Thomas Galassi, the Director of OSHA’s Directorate of Enforcement Programs, recently issued a Memorandum to Regional Administrators on OSHA’s “Policy Background on the Temporary Worker Initiative.” It provides a good lesson from the Agency’s perspective.
We had blogged previously about OSHA’s national emphasis on temporary workers. For instance, Administrator David Michaels published an op-ed piece on the topic. This was followed by the Agency’s publication of its first in a series of Temporary Worker Initiative (TWI) Guidance Documents, this one on injury and illness recordkeeping requirements. OSHA had announced the temporary worker initiative in a memorandum last year. We had published a detailed analysis of the initiative in this article on “All Employees Are Created Equal: OSHA’s New Initiative on Temporary Employees.”
The Galassi Memorandum explains that for the purposes of the TWI, “temporary workers” are workers hired and paid by a “staffing agency,” that are supplied to a “host employer” to perform work on a temporary basis. In general, “OSHA will consider the staffing agency and host employer to be ‘joint employers’ of the worker.” Galassi notes that “joint employment is a legal concept recognizing that, in some situations, the key attributes of the traditional employer-employee relationship are shared by two or more employers in such a manner that they each bear responsibility for compliance with statutory and regulatory requirements. For example, the staffing agency often controls a worker’s paycheck and selects the host employer location where the worker will be sent. The host employer, in turn, assigns the particular work to be done each day and controls operations in the physical workplace.”
Identifying Employer Responsibilities
For employers, this is the important bit. Galassi spells out that “OSHA compliance officers should review any written contract(s) between the staffing agency and the host employer and determine if it addresses responsibilities for employee safety and health. It should be understood, however, that the contract’s allocation of responsibilities may not discharge either party’s obligations under the Act.”
The extent of the obligations each employer has will vary depending on workplace conditions and may be clarified by their agreement or contract. Their duties will sometimes overlap. The staffing agency or the host may be particularly well suited to ensure compliance with a particular requirement, and may assume primary responsibility for it. For example, staffing agencies might provide general safety and health training applicable to many different occupational settings, while host employers provide specific training tailored to the particular hazards at their workplaces. If the staffing agency has a long-term, continuing relationship with the temporary worker, it may be best positioned to comply with requirements such as audiometric testing or medical surveillance. The host employer, in turn, would be the primary party responsible for complying with workplace-specific standards relating to machine guarding, exposure to noise or toxic substances, and other workplace-specific safety and health requirements.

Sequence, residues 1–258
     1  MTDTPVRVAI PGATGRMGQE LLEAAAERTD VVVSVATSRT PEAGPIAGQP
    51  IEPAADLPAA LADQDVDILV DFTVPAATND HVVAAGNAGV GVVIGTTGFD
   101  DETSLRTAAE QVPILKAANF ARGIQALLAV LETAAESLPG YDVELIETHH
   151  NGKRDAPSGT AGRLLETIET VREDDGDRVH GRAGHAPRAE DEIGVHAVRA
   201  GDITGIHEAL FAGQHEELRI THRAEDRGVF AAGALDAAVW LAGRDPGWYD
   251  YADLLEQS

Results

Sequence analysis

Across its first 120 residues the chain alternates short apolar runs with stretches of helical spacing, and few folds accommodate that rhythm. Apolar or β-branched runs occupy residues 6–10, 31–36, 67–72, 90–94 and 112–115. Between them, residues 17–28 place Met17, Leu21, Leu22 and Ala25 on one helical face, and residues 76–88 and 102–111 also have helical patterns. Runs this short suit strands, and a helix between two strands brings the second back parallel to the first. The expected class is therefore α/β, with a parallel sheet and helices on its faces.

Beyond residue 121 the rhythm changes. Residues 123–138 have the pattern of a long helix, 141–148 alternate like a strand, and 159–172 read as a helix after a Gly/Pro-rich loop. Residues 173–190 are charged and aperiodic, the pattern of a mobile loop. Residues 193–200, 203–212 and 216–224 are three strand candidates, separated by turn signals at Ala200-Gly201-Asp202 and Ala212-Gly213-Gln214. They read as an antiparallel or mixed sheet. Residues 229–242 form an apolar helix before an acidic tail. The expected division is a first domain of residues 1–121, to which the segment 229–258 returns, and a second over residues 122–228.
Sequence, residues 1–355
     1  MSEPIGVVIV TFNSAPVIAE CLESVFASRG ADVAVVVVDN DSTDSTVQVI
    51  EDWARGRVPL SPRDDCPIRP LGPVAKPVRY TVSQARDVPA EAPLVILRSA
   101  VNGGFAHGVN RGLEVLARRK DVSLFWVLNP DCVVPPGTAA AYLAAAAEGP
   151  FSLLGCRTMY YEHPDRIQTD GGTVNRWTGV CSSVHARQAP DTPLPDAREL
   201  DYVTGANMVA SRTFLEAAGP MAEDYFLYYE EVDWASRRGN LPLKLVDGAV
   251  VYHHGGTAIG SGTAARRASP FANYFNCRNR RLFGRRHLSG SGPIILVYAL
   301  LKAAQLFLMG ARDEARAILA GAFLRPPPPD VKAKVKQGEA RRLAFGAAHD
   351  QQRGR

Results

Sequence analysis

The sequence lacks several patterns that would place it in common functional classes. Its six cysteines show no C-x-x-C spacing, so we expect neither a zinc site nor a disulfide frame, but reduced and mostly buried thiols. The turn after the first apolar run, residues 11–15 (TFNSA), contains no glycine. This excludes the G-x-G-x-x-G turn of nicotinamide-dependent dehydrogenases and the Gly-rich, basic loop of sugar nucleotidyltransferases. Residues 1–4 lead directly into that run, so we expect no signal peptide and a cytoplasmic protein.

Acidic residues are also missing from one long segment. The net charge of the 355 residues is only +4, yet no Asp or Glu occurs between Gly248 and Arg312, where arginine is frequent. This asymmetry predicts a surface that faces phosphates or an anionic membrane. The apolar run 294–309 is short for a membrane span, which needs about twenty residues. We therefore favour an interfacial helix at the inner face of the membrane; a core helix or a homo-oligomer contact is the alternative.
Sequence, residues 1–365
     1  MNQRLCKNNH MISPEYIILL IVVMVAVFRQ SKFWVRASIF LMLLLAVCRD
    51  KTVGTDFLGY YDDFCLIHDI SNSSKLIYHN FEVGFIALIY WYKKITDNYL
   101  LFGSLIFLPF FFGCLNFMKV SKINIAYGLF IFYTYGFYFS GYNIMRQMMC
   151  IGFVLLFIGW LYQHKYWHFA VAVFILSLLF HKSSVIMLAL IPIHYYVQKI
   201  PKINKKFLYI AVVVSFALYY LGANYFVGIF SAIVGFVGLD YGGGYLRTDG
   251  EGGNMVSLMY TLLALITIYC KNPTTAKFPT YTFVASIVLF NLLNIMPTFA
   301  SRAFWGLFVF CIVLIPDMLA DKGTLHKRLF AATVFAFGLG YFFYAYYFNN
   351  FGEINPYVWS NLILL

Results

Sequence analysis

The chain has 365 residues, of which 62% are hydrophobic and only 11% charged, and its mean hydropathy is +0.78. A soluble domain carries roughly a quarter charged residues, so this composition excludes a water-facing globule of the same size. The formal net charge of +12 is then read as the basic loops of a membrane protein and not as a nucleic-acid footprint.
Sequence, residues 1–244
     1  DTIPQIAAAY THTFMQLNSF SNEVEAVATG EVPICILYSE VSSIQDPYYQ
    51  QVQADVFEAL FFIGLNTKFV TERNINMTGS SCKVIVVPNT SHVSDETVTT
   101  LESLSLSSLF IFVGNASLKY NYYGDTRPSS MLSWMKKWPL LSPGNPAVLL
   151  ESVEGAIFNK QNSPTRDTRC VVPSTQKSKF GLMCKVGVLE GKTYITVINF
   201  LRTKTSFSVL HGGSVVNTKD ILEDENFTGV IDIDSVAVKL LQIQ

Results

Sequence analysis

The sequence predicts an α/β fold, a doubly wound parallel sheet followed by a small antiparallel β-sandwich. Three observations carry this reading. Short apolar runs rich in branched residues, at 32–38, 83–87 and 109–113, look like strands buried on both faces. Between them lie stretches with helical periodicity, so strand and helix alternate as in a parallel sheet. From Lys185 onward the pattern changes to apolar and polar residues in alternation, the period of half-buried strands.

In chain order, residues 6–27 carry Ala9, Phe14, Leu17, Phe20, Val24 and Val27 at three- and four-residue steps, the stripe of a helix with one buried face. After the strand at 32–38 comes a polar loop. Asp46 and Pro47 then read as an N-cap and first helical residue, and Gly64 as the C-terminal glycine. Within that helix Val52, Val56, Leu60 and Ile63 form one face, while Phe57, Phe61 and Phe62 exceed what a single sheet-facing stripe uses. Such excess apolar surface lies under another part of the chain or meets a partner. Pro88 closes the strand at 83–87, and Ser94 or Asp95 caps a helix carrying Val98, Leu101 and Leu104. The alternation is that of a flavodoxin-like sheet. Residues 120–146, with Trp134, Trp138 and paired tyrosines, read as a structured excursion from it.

[A]lthough the host employer typically has primary responsibility for determining the hazards in their workplace and complying with worksite-specific requirements, the staffing agency also has a duty. Staffing agencies must ensure they are not sending workers to workplaces with hazards from which they are not protected or on which they have not been trained.
Galassi summarizes Regional responsibilities in these cases when an investigation reveals a temporary worker allegedly exposed to a hazardous condition, if the worker is considered employed by both a staffing agency and a host employer. OSHA will consider issuing citations to either or both of the employers, depending on the specific facts of the case. “This will require Area Offices to make a careful assessment of whether both employers have fulfilled their respective compliance responsibilities in each individual case. These inspections are considered high priority and early consultation between OSHA and [the Secretary of Labor] is essential to facilitate case development.”
Host employers and staffing agencies should take heed. The TWI will be another tool being employed by the Agency in its mission of imposing additional obligations on employers to ensure that all employees, temporary or full time, are provided adequate health and safety training and protected from unsafe working conditions. Specifically, as noted above, employers should study carefully its agreements with staffing agencies to ensure responsibilities are well spelled out. In addition, host employers should more closely scrutinize their use of temporary employees and whether those employees are receiving sufficient training and protection. As we have noted from the many facets of this OSHA national emphasis, the attention of federal and state agencies is on this issue and employers should be taking steps to ensure that all employees, whether they are full time or temporary, are aware of and properly protected from workplace hazards.